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Michael Hiltzik: The oil slick reaches California

Very little is simple in this world -- a truism that seems to become more true every day. Financial regulators still have no idea what caused the market's paroxysm nearly a week ago. No one has yet come up with an adequate description of what Goldman Sachs traders contribute to the economy, or why Donald Trump still gets television deals.

Then there's the Gulf of Mexico oil spill. Oil industry executives are already pointing fingers of blame at one another, while, by the way, efforts to contain the damage are faltering. As my Wednesday column reports, among the disaster's victims is an agreement that would have reduced the number of dangerous rigs operating off the California coast. Political leadership might have saved the agreement, but this is California, where political posturing is abundant but leadership's in short supply.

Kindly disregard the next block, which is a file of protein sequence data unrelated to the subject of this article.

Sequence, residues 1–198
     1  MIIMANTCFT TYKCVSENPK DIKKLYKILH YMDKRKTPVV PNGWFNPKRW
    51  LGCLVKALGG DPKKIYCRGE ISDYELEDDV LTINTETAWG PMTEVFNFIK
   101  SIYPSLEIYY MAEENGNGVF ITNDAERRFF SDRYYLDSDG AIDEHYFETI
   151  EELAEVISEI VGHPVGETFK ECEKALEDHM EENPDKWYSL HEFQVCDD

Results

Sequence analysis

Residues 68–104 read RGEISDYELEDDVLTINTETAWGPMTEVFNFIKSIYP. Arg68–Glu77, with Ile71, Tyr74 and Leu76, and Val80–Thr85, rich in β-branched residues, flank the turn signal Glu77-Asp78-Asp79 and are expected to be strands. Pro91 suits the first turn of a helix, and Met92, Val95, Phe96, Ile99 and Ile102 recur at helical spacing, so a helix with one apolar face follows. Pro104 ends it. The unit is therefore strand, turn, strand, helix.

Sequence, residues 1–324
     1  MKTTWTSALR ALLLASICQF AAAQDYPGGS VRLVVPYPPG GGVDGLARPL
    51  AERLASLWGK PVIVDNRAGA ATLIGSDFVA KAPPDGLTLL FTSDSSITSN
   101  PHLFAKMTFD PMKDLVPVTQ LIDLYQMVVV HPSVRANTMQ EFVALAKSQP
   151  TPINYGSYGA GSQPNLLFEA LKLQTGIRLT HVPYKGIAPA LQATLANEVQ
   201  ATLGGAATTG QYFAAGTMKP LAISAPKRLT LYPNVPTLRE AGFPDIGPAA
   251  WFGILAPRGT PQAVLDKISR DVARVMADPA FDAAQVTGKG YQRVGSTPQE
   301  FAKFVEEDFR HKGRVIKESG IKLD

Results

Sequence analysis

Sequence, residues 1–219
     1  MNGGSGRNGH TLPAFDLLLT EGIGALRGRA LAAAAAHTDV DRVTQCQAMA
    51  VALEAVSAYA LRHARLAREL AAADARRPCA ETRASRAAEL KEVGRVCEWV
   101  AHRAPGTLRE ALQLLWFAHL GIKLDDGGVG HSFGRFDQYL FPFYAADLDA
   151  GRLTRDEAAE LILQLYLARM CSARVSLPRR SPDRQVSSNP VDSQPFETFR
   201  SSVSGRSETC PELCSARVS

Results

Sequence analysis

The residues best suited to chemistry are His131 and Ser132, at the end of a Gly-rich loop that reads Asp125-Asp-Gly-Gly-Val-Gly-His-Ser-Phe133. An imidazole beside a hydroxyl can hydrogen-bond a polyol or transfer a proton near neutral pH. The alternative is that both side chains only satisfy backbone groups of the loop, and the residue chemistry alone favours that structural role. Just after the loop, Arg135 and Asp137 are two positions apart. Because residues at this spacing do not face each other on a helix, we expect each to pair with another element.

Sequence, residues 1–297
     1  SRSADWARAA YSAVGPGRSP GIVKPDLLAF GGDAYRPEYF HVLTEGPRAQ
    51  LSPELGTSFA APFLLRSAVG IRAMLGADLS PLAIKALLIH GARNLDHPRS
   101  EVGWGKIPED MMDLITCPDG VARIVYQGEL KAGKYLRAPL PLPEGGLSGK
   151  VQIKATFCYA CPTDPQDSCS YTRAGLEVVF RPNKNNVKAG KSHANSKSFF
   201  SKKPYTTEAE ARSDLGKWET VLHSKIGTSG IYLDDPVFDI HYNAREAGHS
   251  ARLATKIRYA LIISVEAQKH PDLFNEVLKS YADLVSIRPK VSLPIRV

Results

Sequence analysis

The column begins below.

It isn’t just the waters of the Gulf of Mexico that have been turned murky by the Deepwater Horizon oil spill.

Consider its impact on California’s offshore waters. Specifically, an undersea formation in the Santa Barbara Channel known as Tranquillon Ridge.

During the last couple of years, three Santa Barbara environmental groups worked out a deal with a big offshore drilling company under which the driller would dismantle four offshore rigs under federal jurisdiction in return for the right to extend its drilling temporarily into state waters.

The deal was highly controversial — in fact, an earlier version was rejected last year by the State Lands Commission. But it was supported by a number of environmental groups around Santa Barbara and by Gov. Arnold Schwarzenegger, who seemed to think the trade-off was worthwhile.

Then came the gulf spill, and the governor bailed. Now the T-Ridge deal looks to be dead in the, er, water, evidently because making any sort of deal associated with oil drilling just looks bad. But is the net result for California a loss?

Read the whole column.

-- Michael Hiltzik

 
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